All this time La Mer had been brewing. It was almost a year since Debussy had written to Colonne tentatively offering him “some orchestral pieces” he was working on, and to his publisher, Jacques Durand, a fortnight later listing the titles of the three movements: “Mer belle aux îles sanguinaires,” “Jeux de vagues,” and “Le vent fait danser la Mer.” But thereafter the trail goes dead until July 1904, when he writes to Lilly from Paris expressing the (no doubt hypocritical) hope that “La Mer will be so kind as to release me so as to be with you by the 15th August,” though by the end of the month it’s “this ‘Mer’ that so disturbs me” which is keeping him in the capital.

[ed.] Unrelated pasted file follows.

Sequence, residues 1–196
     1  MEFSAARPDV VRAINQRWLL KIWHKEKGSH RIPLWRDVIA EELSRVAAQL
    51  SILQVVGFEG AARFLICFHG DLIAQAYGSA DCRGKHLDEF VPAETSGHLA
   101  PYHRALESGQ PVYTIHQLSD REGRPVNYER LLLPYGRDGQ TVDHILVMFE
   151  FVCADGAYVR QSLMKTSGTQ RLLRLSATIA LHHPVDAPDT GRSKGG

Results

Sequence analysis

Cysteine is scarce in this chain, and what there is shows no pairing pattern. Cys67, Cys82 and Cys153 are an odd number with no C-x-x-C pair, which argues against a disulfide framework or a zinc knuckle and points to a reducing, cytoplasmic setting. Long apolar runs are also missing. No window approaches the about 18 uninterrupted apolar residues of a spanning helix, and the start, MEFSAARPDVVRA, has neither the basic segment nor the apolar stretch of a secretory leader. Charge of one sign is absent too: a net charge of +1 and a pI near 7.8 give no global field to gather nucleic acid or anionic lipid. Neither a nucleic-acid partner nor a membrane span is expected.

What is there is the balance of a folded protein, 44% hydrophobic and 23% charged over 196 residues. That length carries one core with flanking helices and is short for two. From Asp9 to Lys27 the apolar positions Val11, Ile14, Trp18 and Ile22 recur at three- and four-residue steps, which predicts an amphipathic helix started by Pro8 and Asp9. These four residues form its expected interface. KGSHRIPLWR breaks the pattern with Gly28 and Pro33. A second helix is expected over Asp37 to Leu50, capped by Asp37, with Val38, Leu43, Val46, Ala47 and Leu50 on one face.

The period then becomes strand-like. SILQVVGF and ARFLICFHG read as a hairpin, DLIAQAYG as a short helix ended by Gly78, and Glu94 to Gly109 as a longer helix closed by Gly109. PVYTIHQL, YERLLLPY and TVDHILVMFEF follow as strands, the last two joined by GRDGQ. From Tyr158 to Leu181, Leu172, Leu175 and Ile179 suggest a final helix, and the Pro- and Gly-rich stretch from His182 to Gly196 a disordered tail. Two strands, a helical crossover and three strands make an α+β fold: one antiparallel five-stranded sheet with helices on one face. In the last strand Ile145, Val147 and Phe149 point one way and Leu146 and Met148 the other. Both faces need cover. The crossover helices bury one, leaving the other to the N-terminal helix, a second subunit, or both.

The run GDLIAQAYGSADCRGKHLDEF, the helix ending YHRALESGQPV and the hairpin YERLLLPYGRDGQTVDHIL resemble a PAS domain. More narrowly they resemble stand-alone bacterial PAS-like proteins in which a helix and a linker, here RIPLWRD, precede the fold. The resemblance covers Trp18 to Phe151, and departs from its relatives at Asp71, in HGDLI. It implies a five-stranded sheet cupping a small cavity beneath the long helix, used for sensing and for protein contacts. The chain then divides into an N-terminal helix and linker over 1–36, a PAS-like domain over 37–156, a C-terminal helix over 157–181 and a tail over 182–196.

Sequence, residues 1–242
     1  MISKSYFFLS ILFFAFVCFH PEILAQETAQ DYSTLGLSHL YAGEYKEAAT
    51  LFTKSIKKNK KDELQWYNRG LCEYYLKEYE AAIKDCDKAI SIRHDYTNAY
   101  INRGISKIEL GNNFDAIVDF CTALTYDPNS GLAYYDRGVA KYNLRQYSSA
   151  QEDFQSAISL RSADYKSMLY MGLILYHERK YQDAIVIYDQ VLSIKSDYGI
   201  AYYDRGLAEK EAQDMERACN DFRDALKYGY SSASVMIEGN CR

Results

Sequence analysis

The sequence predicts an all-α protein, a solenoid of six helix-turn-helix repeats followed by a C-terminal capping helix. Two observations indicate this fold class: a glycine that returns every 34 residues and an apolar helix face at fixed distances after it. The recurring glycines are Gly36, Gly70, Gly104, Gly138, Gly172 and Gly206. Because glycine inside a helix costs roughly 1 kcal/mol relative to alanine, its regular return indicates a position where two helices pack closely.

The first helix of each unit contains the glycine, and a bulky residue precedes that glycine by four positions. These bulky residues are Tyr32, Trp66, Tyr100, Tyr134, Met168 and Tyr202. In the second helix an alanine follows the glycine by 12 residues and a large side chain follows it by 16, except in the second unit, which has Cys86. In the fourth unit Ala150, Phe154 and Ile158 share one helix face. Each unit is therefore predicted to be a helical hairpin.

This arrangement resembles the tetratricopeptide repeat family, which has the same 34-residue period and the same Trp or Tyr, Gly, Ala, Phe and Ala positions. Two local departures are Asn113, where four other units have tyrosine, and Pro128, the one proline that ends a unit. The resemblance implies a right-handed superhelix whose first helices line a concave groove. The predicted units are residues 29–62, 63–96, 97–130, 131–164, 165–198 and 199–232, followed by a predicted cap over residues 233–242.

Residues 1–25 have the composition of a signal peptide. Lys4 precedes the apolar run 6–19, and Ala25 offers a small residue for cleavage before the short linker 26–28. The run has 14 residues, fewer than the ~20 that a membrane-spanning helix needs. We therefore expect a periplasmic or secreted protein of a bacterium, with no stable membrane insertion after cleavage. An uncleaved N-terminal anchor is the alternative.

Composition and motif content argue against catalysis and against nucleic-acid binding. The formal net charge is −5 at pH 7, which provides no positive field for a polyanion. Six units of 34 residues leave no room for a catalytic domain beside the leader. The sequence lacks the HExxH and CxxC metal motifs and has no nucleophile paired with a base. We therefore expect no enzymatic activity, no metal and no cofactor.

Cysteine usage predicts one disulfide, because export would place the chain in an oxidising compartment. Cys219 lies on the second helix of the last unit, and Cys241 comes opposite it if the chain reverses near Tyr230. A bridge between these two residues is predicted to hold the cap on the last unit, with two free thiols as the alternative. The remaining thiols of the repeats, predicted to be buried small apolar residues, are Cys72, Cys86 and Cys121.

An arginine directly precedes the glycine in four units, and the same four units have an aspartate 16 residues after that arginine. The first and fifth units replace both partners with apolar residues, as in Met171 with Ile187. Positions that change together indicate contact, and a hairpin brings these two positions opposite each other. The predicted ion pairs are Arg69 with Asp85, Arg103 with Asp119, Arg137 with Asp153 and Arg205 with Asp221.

Of course, these were evasions, but all the same it was probably true that La Mer was giving him trouble. A glance at the eventual score reveals an intricacy of texture and a thematic complexity well in advance of anything he had previously attempted for orchestra, and at the same time he was battling with a concept that was pictorial only up to a point, and beyond that distinctly abstract and imaginary. His personal relationship with the sea was not at all like that of Turner or Monet, for whom the sea in all its moods was one crucial aspect of their thinking about light and movement. Writing to André Messager from the Yonne in the early stages of composition, he explained that “I was promised for the fine career of a sailor, and only the chances of existence made me branch off. I’ve nevertheless preserved a sincere passion for Her [the sea].” Perhaps predictably, the sea was at its kindest for him in Jersey with Emma Bardac. He told Durand that it “has been very good for me, and showed me all her dresses. I’m still quite giddy with it.” He always loved the sea as an object of contemplation, in its changing colours and moods. The sea at Dieppe, he wrote many years later, “is as blue as a waltz [presumably “The Blue Danube”]; grey as an unusable sheet of metal; most often: green as absinthe. All the same it’s beautiful, more beautiful than La Mer of a certain C.D.” But he came to dislike resorts like Pourville, with their ugly holidaymakers (“thieves for sure”), crowded beaches and shabby hotels. He did not – could not – swim, and seldom if ever so much as dipped his toes or even exposed any more of his body than would normally have been acceptable in a Paris boulevard. Above all he relished the calm of the ocean (even, perhaps, when it was not calm), and the fact that it was “always in the same place.”